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Java and Branch Prediction

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Java and Branch Prediction

Get your microprocessing performance hat on because we're going to talk about branch prediction in Java and how it affects your code.

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branch prediction unit is a device that is part of microprocessors that have a pipeline architecture that predicts a conditional jump in an executable program. Branch prediction allows you to reduce the pipeline downtime by preloading and executing instructions that must be executed after the conditional branch instruction is executed. Forecasting branching plays a critical role (the accuracy of the prediction of transitions in modern processors exceeds 90%) because it allows you to optimally use the computing resources of the processor.  

Let's consider this situation: There are two arrays with the same length. The first array is sorted and the other array is unsorted. Processing of one of them is faster than the other. As you could guess from the topic, processing the sorted array is faster than the unsorted array. In fact, branch prediction for the unsorted array will fail.

To understand branch prediction, one must first understand instruction pipelining: A processor with an implementation of branch prediction that usually makes correct predictions can minimize the performance penalty from branching. However, if branches are predicted poorly, it may create more work for the processor, such as flushing the incorrect code path from the pipeline that has begun execution before resuming execution at the correct location.

In case the of the sorted array, the branch predictor always takes the true branch, since historically, all its predictions are correct. But with the random unsorted array, the prediction will need to discard the partially executed instructions and start over with the correct branch.

It can be shown using JMH:

package samples.branch_prediction;

import org.openjdk.jmh.annotations.*;
import org.openjdk.jmh.infra.Blackhole;
import org.openjdk.jmh.runner.Runner;
import org.openjdk.jmh.runner.RunnerException;
import org.openjdk.jmh.runner.options.Options;
import org.openjdk.jmh.runner.options.OptionsBuilder;

import java.util.Arrays;
import java.util.Random;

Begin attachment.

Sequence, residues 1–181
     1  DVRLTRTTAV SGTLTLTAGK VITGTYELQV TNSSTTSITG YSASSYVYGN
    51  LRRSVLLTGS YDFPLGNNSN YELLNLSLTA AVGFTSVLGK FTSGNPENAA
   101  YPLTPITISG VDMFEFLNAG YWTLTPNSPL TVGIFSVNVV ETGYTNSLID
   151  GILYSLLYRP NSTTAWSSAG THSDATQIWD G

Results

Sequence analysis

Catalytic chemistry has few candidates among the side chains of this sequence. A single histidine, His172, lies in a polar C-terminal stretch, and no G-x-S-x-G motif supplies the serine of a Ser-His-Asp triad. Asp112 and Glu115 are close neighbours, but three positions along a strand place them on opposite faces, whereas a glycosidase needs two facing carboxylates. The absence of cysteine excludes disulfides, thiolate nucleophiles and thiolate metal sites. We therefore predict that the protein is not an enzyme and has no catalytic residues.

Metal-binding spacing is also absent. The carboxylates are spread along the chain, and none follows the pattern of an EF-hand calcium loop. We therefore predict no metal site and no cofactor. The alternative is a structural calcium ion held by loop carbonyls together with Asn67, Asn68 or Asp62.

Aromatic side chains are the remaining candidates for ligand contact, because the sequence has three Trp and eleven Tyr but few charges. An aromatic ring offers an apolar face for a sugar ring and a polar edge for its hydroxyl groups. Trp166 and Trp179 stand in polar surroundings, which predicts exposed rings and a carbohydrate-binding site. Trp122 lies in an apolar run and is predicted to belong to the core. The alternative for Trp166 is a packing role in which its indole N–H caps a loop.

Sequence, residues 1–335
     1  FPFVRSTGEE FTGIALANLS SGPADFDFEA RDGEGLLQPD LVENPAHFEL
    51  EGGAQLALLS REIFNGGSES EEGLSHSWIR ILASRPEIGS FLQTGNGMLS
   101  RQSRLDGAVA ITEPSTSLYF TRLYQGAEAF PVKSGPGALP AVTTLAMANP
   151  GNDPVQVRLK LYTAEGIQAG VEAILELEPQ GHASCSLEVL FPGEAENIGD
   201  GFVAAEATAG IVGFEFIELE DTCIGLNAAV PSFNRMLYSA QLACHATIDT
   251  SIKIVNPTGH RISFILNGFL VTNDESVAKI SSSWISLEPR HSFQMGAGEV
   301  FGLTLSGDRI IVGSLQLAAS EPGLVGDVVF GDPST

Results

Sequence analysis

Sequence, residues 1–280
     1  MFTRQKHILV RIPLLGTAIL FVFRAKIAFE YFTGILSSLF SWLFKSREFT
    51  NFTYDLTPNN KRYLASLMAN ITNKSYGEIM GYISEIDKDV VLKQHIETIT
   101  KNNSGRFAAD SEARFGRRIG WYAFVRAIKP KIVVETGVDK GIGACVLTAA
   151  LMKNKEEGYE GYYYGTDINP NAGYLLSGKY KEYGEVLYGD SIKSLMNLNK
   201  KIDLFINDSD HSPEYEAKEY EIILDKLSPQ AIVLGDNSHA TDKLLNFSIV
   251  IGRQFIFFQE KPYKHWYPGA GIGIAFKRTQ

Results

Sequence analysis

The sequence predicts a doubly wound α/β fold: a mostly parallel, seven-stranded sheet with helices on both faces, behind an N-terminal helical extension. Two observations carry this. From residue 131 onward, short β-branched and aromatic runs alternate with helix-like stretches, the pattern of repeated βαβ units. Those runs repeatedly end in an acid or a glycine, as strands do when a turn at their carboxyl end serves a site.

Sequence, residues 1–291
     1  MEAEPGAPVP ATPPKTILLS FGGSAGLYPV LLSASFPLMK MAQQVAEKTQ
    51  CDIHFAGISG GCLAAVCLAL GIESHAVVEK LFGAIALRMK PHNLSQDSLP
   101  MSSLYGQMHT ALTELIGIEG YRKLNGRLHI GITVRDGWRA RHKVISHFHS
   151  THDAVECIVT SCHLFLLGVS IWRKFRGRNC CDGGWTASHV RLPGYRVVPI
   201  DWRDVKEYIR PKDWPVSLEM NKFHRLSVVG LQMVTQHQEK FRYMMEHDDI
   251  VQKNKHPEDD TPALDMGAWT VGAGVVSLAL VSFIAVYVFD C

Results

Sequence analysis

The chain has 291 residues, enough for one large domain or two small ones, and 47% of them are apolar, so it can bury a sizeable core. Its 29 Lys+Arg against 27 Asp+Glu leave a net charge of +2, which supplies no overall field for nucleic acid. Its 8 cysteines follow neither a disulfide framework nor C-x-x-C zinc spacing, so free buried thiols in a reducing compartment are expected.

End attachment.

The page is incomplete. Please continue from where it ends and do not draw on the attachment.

import java.util.concurrent.TimeUnit;

@Warmup(iterations = 5, time = 1, timeUnit = TimeUnit.SECONDS)
@Measurement(iterations = 5, time = 1, timeUnit = TimeUnit.SECONDS)
public class BranchPredictionBenchmark {

    private static final int COUNT = 1024 * 1024;

    private byte[] sorted;
    private byte[] unsorted;

    public void setup() {
        sorted = new byte[COUNT];
        unsorted = new byte[COUNT];
        Random random = new Random(1234);

    public void sorted(Blackhole bh1, Blackhole bh2) {
        for (byte v : sorted) {
            if (v > 0) {
            } else {

    public void unsorted(Blackhole bh1, Blackhole bh2) {
        for (byte v : unsorted) {
            if (v > 0) {
            } else {

    public static void main(String[] args) throws RunnerException {
        Options opt = new OptionsBuilder()
                .include(".*" + BranchPredictionBenchmark.class.getSimpleName() + ".*")

        new Runner(opt).run();


The output of benchmark is next:

# Run complete. Total time: 00:01:48

Benchmark                           Mode  Cnt  Score   Error  Units
BranchPredictionBenchmark.sorted    avgt   25  4.289 ± 0.754  ns/op
BranchPredictionBenchmark.unsorted  avgt   25  9.742 ± 0.466  ns/op

For this benchmark, we used AverageTime BenchmarkMode (see 14 line of the code snapshot). It means that the lower score value is better, and as you see, BranchPredictionBenchmark.sorted is more than two times faster. The full listing of source code is on my GitHub repository.

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java ,java performance ,branch prediction ,tutorial

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